In a more comprehensive study, Hittner et al.(2003), examined eight test statistics (Hotelling’s t, Williams’s "standard" t. Williams’s t (Hendrickson et al., 1970), Olkin’s z, Meng, Rosenthal, and Rubin’s z, Dunn and Clark’s z , Steiger’s (1980) modification of Dunn and Clark’s z using an arithmetic average correlation of ρ_{12} and ρ_{13} and Steiger’s (1980) modification of Dunn and Clark’s z using a backtransformed average z of ρ_{12} and ρ_{13}). The backtransformed average z approach was chosen based on the premise that it has less bias and greater accuracy for estimating the population correlation coefficient than the arithmetic average, particularly when ρ was .50 and above (Silver & Dunlap, 1987). Under a normal distribution and a sample size of 20, their results indicated that Type I error rates for Hotelling’s t and the Hendrickson et al. (1970) version of Williams’s t were high when the predictor-criterion correlations (i.e. ρ_{12} and ρ_{13}) were high (e.g., .70) and the predictor intercorrelation (ρ_{23}) was low. Olkin’s z had an inflated Type I error rate when the predictor-criterion correlations were low to moderate (.10 or .40). Williams’s** **"standard" t, Dunn and Clark’s z, Meng, Rosenthal, and Rubin’s z, and the two Steiger modification tests exhibited reasonable control of Type I error and good power. Although it appears that the Meng, Rosenthal, and Rubin z has a little better control of Type I error (i.e., less deviation from the nominal level) than the other tests.

However, under a uniform distribution, these five tests were conservative when the predictor-criterion correlations and the predictor-intercorrelation were high (e.g., .70). Under an exponential distribution, these tests had inflated Type I error rates for moderate to high predictor-criterion correlations. The liberalness increased as the predictor-criterion correlation increased. However, even with sample sizes of 300, these tests still had problematic Type I error rates. Of interest, regardless of distribution, as the predictor-intercorrelation increased, power did as well for all tests. Nevertheless, because of these Type I error deficits, there appears to be no optimal significance test.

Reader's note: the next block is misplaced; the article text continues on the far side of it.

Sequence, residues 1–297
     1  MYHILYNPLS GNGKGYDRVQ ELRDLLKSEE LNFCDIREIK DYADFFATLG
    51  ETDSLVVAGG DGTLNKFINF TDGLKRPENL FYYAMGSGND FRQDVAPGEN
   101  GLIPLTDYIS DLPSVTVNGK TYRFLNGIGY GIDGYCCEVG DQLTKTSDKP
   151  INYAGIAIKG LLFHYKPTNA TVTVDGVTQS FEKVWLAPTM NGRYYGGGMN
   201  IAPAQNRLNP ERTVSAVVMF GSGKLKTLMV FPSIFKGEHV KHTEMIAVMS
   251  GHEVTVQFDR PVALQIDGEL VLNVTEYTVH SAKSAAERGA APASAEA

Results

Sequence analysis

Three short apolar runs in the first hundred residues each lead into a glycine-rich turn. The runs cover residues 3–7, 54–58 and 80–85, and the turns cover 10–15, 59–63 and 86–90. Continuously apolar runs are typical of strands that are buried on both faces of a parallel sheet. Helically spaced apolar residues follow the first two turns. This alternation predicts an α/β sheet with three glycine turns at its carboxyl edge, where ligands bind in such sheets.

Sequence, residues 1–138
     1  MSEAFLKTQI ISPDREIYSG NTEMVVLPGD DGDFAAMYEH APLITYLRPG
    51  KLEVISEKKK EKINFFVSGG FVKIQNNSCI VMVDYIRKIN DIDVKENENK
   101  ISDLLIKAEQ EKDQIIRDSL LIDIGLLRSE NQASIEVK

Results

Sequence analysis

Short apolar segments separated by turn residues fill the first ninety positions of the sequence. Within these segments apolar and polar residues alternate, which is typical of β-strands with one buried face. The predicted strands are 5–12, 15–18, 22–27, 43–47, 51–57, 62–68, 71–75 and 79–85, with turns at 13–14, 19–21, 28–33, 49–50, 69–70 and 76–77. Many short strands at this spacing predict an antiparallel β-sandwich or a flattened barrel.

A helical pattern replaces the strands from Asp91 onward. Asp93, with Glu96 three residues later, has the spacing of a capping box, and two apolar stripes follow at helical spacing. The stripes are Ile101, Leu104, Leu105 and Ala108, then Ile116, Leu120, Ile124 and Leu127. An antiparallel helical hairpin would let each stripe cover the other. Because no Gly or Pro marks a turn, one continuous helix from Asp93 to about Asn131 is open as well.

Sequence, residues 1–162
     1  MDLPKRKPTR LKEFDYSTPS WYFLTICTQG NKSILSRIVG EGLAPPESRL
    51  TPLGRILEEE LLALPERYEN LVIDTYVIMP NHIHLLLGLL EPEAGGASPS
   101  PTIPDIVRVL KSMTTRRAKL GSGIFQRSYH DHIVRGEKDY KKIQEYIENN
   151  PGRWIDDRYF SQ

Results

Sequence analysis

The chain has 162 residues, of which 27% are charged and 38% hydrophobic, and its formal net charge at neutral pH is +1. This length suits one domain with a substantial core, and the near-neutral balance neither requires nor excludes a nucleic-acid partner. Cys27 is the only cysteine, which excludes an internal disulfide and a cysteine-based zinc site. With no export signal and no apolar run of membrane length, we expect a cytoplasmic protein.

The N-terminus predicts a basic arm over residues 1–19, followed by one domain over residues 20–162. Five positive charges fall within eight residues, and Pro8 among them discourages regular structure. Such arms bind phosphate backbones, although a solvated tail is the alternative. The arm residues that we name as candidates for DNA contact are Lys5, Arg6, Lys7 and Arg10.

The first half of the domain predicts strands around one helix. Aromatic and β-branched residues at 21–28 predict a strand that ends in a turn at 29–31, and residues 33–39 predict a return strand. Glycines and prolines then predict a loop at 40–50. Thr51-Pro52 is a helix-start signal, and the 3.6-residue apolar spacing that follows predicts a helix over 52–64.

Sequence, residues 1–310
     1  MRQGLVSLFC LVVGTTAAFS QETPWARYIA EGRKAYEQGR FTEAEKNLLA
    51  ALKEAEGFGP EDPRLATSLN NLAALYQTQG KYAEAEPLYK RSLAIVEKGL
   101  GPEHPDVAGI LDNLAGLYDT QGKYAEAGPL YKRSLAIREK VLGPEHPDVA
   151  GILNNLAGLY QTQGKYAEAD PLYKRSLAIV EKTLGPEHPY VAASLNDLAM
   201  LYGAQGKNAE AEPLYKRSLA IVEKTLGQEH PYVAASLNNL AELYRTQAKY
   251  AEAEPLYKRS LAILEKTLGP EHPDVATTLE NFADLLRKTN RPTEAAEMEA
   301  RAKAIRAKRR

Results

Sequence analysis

Wilcox and Tian (2008) suggested a couple of different methods (D_{1} and D_{2}) for combating these problems. Method D_{1} may be a bit conservative, thereby lowering power, whereas Method D_{2}, using simulations to determine the critical value, may have more satisfactory characteristics. Their functions are written in R or S-Plus and would still need a main routine to work.

For the basic researcher, with limited to no computer programming experience, this can be problematic. Nevertheless, Silver, Hittner, and May (2006) wrote a user-friendly, interactive program (DEPCOR) for computing the aforementioned five tests. In this Windows program, the user is asked for the sample size, labels for each correlation, and the values of r_{12}, r_{13}, and r_{23} for each group.